In a heavy soup pot or Dutch oven, heat two tablespoons of olive oil over medium low.  Add the onion and slowly cook until tender – about 6-8 minutes.  Add the garlic and cook a half minute, being sure the garlic does not burn.

Add the stock, cauliflower, salt and pepper and bring to a boil.  Lower the heat, cover and cook for 20 minutes until the cauliflower is very tender.

Remove from the heat and reserve a few cooked pieces of cauliflower for serving. 

I usually blend the soup with an immersion blender right in the stock pot.  Transferring it to a blender is too much effort and mess!  The soup thickens as it cools.  Taste and season with additional salt/pepper.  

Serve hot, swirling a bit of olive oil on top and a piece or two of cooked cauliflower that you reserved.  I pass lemon wedges and accompany this with a nice salad and rustic bruschetta.  Cauliflower soup keeps in the refrigerator, covered, for a week.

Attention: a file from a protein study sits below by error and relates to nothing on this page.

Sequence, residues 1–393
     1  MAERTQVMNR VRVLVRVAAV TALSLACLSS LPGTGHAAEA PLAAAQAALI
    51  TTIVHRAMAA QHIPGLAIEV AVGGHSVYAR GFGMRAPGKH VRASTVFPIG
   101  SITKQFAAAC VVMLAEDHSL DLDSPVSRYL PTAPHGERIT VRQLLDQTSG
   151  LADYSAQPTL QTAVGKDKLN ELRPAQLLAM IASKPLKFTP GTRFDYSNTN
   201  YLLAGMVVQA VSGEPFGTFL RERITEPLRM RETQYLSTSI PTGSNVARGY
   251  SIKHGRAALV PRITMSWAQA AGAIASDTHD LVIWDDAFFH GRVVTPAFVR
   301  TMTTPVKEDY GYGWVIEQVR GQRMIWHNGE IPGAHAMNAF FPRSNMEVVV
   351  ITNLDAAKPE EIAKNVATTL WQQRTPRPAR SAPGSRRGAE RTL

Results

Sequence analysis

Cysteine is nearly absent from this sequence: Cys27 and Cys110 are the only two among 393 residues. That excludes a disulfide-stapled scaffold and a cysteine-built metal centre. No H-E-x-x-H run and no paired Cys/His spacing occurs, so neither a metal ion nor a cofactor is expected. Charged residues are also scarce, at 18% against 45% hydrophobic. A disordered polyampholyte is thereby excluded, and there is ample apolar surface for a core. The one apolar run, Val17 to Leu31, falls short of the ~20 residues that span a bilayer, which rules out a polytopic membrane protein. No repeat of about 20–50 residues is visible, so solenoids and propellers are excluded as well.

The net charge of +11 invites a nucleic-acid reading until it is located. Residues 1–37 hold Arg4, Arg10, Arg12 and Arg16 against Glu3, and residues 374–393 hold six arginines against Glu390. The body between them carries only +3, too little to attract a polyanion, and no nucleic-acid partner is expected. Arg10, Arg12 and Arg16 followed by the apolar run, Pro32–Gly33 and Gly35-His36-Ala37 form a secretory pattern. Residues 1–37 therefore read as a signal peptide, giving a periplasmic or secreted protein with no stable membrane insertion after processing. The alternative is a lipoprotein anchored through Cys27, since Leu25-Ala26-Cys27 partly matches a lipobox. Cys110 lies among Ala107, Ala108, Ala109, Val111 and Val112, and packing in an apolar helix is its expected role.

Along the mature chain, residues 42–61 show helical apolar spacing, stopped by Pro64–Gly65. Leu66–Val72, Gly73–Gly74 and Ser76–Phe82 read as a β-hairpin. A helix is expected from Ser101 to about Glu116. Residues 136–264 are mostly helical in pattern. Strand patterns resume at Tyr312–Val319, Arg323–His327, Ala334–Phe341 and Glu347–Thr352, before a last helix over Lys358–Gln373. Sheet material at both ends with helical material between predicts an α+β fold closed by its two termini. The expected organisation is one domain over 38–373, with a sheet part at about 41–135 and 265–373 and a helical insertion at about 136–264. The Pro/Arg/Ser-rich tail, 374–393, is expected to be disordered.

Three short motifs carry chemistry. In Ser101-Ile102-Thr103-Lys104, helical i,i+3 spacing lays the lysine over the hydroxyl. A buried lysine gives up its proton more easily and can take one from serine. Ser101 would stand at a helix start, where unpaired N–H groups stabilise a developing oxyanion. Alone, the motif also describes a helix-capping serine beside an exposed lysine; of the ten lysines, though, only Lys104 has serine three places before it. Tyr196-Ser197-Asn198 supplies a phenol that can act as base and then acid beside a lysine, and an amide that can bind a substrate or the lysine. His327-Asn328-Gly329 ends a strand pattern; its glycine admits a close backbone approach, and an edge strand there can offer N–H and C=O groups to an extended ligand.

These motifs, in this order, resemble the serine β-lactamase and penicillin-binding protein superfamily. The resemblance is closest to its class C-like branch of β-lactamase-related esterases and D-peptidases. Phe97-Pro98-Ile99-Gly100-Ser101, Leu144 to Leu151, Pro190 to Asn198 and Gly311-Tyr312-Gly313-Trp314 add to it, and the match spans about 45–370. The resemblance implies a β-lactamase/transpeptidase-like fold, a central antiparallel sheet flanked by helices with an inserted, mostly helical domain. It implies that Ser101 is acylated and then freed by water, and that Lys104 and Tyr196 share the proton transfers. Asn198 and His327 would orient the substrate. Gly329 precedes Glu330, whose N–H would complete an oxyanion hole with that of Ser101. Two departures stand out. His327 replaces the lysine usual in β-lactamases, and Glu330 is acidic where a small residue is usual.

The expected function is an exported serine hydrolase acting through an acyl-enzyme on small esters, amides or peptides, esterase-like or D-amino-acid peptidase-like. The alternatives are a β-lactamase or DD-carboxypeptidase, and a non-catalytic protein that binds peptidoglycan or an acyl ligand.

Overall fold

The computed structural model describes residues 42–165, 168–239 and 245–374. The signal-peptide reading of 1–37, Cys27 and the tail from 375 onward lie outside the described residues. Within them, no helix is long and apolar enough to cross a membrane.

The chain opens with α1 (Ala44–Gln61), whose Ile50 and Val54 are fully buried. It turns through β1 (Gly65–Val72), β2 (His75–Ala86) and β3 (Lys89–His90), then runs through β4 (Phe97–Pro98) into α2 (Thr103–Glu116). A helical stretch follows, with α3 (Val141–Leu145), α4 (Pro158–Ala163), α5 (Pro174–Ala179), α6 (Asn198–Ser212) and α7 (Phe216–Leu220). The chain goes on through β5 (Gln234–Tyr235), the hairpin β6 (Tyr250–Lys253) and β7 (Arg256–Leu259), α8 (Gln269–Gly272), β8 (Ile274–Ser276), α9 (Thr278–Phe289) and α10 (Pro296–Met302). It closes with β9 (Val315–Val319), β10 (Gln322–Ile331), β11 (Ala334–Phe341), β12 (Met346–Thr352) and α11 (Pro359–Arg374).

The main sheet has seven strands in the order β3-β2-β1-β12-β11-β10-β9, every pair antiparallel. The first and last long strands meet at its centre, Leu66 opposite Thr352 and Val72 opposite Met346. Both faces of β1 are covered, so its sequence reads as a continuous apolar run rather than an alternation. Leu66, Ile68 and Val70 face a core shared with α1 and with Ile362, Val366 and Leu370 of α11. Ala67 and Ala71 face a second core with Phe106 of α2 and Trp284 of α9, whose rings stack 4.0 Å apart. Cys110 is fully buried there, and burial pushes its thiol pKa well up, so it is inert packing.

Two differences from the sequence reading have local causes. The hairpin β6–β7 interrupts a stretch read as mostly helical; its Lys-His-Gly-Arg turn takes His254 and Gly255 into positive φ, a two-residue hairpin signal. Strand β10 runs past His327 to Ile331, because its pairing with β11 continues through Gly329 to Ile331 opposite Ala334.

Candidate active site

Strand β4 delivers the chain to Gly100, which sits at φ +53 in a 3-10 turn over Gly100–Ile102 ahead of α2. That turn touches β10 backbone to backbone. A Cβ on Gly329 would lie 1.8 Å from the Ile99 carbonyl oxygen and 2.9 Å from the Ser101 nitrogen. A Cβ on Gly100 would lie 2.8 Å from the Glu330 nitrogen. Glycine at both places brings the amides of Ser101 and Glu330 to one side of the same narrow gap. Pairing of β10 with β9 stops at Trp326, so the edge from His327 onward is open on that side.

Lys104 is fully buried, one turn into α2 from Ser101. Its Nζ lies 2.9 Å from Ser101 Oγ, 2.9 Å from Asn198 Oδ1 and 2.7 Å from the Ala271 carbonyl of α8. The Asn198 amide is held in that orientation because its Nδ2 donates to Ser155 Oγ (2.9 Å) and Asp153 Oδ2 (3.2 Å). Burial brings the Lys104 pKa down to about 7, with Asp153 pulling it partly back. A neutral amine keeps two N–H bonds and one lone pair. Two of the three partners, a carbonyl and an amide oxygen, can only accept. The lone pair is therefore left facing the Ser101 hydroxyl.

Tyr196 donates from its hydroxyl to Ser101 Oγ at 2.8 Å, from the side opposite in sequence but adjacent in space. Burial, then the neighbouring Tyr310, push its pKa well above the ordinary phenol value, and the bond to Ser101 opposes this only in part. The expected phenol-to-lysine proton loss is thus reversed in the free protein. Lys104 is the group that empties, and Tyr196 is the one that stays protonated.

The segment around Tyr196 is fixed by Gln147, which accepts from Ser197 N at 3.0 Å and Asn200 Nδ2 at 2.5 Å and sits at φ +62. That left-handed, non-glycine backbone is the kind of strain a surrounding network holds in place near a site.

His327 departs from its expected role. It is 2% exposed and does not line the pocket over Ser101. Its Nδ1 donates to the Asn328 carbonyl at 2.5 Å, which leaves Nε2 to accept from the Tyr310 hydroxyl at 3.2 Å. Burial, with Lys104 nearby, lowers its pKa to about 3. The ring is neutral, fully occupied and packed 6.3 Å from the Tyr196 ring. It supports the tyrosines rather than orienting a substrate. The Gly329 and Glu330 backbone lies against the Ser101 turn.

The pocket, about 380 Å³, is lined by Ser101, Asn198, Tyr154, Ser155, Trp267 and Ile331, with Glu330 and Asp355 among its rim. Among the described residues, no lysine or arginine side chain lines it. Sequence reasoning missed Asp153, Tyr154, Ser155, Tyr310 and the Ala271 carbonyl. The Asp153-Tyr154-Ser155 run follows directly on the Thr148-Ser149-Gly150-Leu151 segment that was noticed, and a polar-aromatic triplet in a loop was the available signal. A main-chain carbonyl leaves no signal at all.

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Thai Quinoa Vegetable Salad

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Colorful Thai Quinoa Vegetable Salad

In mid-September, I helped plan a stick-to-your-ribs kind of salad as an accompaniment to fish and Lemony Red Lentil Soup for the evening meal prior to Yom Kippur.  The original quinoa side dish appeared on one of the pressure cooking sites I like to frequent, and it seemed intriguing.  I love edamame beans, this seemed easy and could be made one day ahead of the meal.